Where to Read in the Bible



One of the key disciplines which helps you to grow as a Christian and build up your faith to overcome temptation is to read and think about God's Word daily. Many new, as well as old Christians, haven't done much of this on their own. Or they have tried, but given up because they did not know how to go about regular Bible-reading in a beneficial way.  One question that many people have, but are too ashamed to ask is, "where should I begin reading in the Bible?" In this post I want to provide just a few simple tips to help you, or someone you know, to get started reading the Bible regularly. 

Start Here. 
If you haven't read much in the Bible on your own, I suggest you begin by reading section by section through the Gospel of Mark. In most Bibles, Mark is helpfully divided up into sections under different headings. The sections are called pericopes, (puh-rik-uh-pees). Some are short, some are longer, but they all focus on one scene or event in the ministry of Jesus, also usually focused on one particular theme on the identity of Jesus. Mark's purpose is to introduce you to Jesus, the one whom the whole Bible story is about. Mark's writing style is kind of short and punchy, he gets to the point quickly and moves on. Decide to read one section or pericope in Mark each day, and spend time thinking about what you read. Ask questions like: what does this show me about Jesus? What does this reveal about the needs of humanity? What are the different human responses to Jesus? What would my response have been in this situation? What stands out most to me from this passage?

Read the Key Books.
The Bible has a lot of books. All of them contain God's Word and are "Profitable for teaching, for reproof, for correction, and for training in righteousness, that the man of God may be complete, equipped for every good work" (2 Tim. 3:16-17 ESV). If you are just beginning to read the Bible and to get familiar with it, you should begin by focusing on these books ahead of other ones.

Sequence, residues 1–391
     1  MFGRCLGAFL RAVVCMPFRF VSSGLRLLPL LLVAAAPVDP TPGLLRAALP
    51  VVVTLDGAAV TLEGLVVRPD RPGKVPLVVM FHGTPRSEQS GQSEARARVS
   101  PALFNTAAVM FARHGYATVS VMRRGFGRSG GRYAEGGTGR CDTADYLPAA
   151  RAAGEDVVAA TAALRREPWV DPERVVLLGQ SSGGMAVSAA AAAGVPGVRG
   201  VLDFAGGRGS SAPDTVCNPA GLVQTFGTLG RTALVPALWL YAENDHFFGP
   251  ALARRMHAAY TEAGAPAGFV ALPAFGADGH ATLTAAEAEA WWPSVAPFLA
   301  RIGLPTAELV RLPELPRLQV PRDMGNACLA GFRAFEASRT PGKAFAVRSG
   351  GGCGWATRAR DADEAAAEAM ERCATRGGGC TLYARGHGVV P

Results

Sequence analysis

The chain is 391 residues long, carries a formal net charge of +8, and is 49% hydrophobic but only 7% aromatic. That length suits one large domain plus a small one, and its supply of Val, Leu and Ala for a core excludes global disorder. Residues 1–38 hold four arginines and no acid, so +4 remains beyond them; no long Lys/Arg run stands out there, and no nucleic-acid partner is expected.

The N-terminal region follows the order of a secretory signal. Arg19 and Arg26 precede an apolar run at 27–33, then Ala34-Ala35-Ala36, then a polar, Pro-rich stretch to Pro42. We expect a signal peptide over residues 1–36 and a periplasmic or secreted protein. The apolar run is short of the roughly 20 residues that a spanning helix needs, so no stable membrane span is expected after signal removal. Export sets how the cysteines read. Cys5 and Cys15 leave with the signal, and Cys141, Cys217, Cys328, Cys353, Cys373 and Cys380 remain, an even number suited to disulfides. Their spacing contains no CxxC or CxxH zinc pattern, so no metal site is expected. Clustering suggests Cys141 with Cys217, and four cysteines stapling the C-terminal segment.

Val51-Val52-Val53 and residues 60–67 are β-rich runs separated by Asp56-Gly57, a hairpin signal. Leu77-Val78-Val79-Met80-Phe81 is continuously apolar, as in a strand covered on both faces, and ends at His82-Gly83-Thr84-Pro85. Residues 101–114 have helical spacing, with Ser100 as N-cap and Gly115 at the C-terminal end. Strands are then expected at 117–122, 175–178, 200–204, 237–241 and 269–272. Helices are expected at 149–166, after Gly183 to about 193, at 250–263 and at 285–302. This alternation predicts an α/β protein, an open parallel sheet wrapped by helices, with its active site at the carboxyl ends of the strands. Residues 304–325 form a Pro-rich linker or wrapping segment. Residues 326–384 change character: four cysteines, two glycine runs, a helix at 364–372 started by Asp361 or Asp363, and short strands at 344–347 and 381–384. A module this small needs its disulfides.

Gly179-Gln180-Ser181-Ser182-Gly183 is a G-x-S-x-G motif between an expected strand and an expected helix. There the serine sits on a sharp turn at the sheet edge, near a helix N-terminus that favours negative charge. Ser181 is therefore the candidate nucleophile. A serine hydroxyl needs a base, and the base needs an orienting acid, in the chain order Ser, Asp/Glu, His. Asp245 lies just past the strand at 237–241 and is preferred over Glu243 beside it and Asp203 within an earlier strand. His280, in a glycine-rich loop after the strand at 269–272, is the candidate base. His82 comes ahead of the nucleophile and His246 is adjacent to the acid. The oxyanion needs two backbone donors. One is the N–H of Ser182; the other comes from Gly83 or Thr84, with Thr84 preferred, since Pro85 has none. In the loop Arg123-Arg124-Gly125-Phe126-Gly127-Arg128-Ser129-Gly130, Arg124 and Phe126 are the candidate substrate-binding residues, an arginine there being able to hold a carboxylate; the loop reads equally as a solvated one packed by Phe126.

I've already encouraged you to begin with the Gospel of Mark. Any of the Gospels (Matthew, Mark, Luke and John) are great places to start. They each provide a wonderful introduction to the Bible's main character and the Bible's main theme which is the redemption/salvation of God's people. Spending time in the Gospels is well worth it. 

The book of Genesis is the beginning of the story of redemption. In fact Genesis means beginning. Reading Genesis will provide you with a wonderful foundation for the rest of the Bible story. It will introduce you to many of the main characters that you will continue to hear about, especially if you then go on to read Exodus, at least chapters 1-20. God reveals himself to us through these books as we read how he reveals himself to his chosen people. 

Romans is probably the most significant of the Apostle Paul's letters in the New Testament. In it you will find a powerful exposition of the gospel as well as how to walk in the obedience of faith. It is definitely in the category of the most significant Bible books to read and get familiar with. 

Psalms is the prayer book of the Bible. In the Psalms we find God's people crying out to him, trusting in his promises, praising him, and expressing every emotion we have throughout our lives. Reading the Psalms will help you to know God and yourself in relationship to God. I would encourage you to always be reading the Psalms. Whatever other book you are reading in the Bible, always read one or more Psalms each day along with it. The lyrics of the Psalms will begin to become the lyrics of your life. You've heard that "Eating an apple a day will keep the doctor away?" Well reading a Psalm a day will keep despair away.